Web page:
Google Tuesday announced, via its parent company Alphabet, that its self-driving car unit is being spun off from its “semi-secret R&D facility” Google X into a new entity called Waymo.
This is a momentous decision for Alphabet because it shows that one of its Other Bets is actually ready to leave the nest and start earning its own keep. Until now, Other Bets has only acted as an incubation unit of sorts, exploring diverse technologies and futuristic possibilities but never coming close to being profitable.
The primary reason for that was the lack of financial pressure to perform. Any losses coming from Other Bets was easily absorbed by Google’s massive profitability it its core segment of online advertising.
Now, with Waymo being separate from Google but still under the Alphabet umbrella of companies, there will be pressure on the company to start showing some results. But the runway is wide open now, with Michigan taking the first step in allowing driverless cars on its roads – not for testing, but real-world deployment.
Autonomous driving technology is starting to ramp up around the world, with nearly every well-known automobile brand, technology company and component manufacturer trying to outdo each other in the race to truly driverless vehicles.
Competition for Waymo will be fierce, to say the least. John Krafcik, chief executive of Waymo, says that there could be applications in ride-sharing services or long-haul trucking, but no clear plans have been laid out for the newly formed company. But there are already other market leaders vying the autonomous ride-sharing car space, such as Tesla and Uber.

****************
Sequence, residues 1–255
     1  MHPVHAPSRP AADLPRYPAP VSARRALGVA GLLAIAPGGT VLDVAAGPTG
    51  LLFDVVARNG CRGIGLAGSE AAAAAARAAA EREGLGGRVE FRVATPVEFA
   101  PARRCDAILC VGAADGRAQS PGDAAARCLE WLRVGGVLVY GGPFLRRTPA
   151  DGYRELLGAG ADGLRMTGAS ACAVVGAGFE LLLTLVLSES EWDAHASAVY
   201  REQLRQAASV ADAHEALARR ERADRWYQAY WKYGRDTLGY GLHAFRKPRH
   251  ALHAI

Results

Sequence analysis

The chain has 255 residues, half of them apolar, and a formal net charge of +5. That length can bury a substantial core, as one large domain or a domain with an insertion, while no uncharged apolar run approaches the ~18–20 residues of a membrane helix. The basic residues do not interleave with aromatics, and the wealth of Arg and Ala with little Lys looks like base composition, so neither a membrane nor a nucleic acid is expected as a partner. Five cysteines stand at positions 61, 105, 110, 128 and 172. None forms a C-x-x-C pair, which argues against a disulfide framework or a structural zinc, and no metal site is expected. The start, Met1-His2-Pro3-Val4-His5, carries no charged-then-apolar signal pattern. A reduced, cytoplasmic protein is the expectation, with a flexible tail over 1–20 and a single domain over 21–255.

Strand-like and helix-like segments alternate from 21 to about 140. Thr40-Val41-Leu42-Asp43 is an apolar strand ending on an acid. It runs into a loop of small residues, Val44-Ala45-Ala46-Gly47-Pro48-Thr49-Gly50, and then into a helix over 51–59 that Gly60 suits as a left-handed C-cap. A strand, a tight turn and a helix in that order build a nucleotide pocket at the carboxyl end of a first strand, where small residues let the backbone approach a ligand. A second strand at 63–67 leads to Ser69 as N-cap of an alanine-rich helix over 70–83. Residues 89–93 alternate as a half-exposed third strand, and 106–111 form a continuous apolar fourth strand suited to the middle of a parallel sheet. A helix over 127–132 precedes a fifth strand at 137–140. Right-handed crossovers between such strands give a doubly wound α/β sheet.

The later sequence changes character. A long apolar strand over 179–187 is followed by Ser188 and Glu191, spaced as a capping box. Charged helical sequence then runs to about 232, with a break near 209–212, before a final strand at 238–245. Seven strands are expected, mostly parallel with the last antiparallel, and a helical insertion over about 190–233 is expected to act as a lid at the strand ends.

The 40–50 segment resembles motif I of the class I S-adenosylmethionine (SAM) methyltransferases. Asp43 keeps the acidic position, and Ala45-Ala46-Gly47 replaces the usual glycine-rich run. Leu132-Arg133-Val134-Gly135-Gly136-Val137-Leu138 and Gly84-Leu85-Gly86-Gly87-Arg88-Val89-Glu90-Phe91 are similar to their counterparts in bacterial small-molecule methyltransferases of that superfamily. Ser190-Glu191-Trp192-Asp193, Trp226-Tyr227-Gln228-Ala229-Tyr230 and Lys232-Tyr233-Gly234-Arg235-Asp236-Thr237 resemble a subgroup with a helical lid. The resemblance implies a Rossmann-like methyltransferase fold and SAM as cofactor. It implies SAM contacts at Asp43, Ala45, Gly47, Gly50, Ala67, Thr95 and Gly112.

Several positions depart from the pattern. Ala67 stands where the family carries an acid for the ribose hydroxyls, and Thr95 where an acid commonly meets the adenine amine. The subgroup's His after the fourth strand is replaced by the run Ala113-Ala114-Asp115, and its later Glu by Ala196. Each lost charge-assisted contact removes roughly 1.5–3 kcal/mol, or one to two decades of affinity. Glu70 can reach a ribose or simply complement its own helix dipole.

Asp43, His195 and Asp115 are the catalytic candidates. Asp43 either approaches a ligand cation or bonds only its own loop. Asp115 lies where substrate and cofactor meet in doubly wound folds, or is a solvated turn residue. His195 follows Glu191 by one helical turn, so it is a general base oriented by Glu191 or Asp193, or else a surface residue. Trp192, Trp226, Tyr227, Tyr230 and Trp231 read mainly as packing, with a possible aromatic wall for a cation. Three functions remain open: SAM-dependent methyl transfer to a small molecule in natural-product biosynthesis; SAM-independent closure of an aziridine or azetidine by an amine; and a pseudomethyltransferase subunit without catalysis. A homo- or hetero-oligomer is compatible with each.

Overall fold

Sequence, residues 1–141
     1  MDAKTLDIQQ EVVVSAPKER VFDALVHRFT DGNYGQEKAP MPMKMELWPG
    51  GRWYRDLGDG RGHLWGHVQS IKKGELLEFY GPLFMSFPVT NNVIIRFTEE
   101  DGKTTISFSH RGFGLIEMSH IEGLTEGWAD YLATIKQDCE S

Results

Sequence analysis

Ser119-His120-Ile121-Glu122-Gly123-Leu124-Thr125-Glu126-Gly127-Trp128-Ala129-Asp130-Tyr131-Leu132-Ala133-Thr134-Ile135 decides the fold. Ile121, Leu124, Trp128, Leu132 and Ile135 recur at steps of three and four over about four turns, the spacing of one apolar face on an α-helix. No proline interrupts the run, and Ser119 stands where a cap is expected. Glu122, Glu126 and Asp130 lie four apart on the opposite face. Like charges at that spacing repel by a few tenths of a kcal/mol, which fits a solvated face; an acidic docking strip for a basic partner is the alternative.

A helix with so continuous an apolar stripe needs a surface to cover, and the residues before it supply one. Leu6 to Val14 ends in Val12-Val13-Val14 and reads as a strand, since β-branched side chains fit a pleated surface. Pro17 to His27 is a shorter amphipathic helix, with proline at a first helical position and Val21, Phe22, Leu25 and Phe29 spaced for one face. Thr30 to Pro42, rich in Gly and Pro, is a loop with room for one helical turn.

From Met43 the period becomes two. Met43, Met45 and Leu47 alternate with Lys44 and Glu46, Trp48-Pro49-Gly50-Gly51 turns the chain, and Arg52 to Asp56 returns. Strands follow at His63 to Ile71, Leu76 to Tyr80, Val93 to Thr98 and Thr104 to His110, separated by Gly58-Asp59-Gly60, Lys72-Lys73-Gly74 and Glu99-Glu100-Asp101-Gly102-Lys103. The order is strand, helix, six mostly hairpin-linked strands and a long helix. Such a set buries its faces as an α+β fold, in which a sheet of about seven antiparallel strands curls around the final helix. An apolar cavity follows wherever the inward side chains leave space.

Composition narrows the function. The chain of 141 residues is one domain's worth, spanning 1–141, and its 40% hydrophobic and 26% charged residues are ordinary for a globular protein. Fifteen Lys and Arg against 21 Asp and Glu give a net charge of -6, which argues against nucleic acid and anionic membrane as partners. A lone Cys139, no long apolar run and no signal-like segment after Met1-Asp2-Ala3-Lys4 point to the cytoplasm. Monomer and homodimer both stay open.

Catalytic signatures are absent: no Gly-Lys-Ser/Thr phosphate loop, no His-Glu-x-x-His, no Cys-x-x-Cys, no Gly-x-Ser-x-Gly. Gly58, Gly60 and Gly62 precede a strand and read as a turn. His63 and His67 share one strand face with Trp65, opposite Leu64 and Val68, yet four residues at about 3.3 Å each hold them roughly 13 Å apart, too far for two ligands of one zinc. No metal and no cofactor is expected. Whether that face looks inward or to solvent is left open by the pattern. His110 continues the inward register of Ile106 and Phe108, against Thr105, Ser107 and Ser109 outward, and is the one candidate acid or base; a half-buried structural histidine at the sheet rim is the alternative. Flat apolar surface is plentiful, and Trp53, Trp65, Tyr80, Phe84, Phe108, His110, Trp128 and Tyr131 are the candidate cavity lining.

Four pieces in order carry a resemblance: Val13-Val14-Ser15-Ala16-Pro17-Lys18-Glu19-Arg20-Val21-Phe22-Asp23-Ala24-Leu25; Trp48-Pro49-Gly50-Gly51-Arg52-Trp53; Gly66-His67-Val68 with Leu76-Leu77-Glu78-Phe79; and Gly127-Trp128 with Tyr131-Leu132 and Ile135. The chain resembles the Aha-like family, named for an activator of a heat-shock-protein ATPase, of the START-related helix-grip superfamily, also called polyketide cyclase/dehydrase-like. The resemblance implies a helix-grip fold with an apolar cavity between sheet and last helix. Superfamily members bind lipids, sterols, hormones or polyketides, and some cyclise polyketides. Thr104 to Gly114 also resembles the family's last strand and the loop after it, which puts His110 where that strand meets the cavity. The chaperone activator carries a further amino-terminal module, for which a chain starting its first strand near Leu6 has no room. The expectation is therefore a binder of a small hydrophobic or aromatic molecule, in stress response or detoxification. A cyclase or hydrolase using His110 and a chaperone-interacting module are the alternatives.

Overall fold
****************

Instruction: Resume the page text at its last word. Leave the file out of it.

Tesla already has a partially autonomous driving system called Autopilot that allows drivers to take a break on long highway stretches, and Uber has been testing self-driving cars in Pittsburgh for the past few months.
As such, it isn’t enough the Google’s self-driving car project has a new name. It will need to find some new energy to compete in the market with aggressive companies like Uber and Tesla. And with Apple, General Motors, Ford and several other automakers also eyeing this market, Waymo has to have way more than it does at the moment in order to stand a chance in what will quickly become a cut-throat market segment for automobiles.
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